The BMIHT certificate on file shows that the Aston was originally finished in Sierra Blue with black interior. It was fitted as standard with the ZF five-speed gearbox, while desirable factory options listed include Armstrong Selectaride rear shock absorbers, Motorola radio, powered aerial, two Marchal fog lamps, chrome road wheels, heated rear window, two Britax safety belts, three-ear hubcaps, and detachable headrests. Unusually, the car was also supplied with a Philips Auto-Mignon record player, the latter seemingly an essential for a professional musician. Reportedly, the original interior leather also featured musical note-styled patterns in the stitching. The BMIHT certificate confirms that the first recorded purchaser was Paul McCartney and that the car was registered 'BYY 379B' (subsequently 'CLX 654B').
Though Paul McCartney later owned an Aston Martin DB6, which has been the subject of extensive media coverage, this lesser known DB5 is believed to be the first Aston owned by the musician. He ordered it at a particularly important career juncture: just weeks after the Beatles' famous appearance on the Ed Sullivan Show and the completion of filming 'A Hard Day's Night', their first film. In a September 1967 profile of Paul McCartney, Time magazine wrote: 'Bachelor Paul, 25 (his favorite "bird" is 21-year old actress Jane Asher) is a movie addict, loves "the look of London" and tools around town in a spiffy blue Aston Martin DB5'.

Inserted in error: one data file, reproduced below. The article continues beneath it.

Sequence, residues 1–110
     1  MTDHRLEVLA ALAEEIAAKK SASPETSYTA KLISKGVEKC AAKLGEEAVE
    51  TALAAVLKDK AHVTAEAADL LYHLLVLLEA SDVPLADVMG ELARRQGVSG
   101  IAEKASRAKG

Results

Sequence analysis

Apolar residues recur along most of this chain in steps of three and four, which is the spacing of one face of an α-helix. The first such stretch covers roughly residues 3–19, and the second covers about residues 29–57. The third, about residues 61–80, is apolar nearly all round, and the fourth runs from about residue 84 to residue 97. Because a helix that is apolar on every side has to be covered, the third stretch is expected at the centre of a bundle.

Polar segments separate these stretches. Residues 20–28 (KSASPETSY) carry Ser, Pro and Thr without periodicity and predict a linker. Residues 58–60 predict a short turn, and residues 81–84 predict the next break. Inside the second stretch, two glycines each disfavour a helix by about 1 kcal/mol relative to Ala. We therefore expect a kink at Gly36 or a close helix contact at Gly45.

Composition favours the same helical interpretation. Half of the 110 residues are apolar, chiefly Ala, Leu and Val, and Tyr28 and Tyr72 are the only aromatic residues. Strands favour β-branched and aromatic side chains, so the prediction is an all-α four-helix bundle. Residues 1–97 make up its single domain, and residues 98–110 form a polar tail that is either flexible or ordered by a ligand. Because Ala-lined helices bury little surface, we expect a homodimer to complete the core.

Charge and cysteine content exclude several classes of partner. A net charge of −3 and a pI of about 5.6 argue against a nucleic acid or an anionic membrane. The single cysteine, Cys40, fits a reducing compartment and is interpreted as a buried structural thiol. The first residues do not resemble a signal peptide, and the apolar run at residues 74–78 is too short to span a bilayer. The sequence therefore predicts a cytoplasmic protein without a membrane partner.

This DB5 also made an impression on Roger McGuinn, guitarist with the Californian rock band, The Byrds. McGuinn once recalled a concert that his band performed during their 1965 UK tour. Apparently the Beatles were in attendance and, following the show, the two bands spent some time socialising. 'The next night,' recalled Guinn, 'I went to Paul McCartney's club in St James's and he took me out for a drive around London in his Aston Martin DB5. It was a really amazing time.'
Service records indicate that in 1970, when '1653/R' was fitted with a new clutch and received some other minor service work, the odometer reading was 40,513 miles. It is believed that the car first changed hands at around this time when it was sold to Truebell Stationers in Wandsworth, Southwest London. Subsequently, on 12th March 1983, the DB5 was acquired by John Richard Rogers of Ilford. Mr Rogers retained the Aston for 13 years before selling to John Hardy Shannon on 16th July 1996.
In 2002, '1653/R' was sold to a British collector who recognised the Aston's importance and decided that it was deserving of refurbishment. He commissioned Walter Baroni of Corsica, Milan, to carry out an extensive cosmetic restoration that included a bare-metal strip-down and repaint in the car's original colour of Sierra Blue, as well as the installation of a new interior. Upon returning to the UK, the Aston's brakes and the cylinder head were overhauled, courtesy of specialists Headshop Ltd in Wallington, Surrey.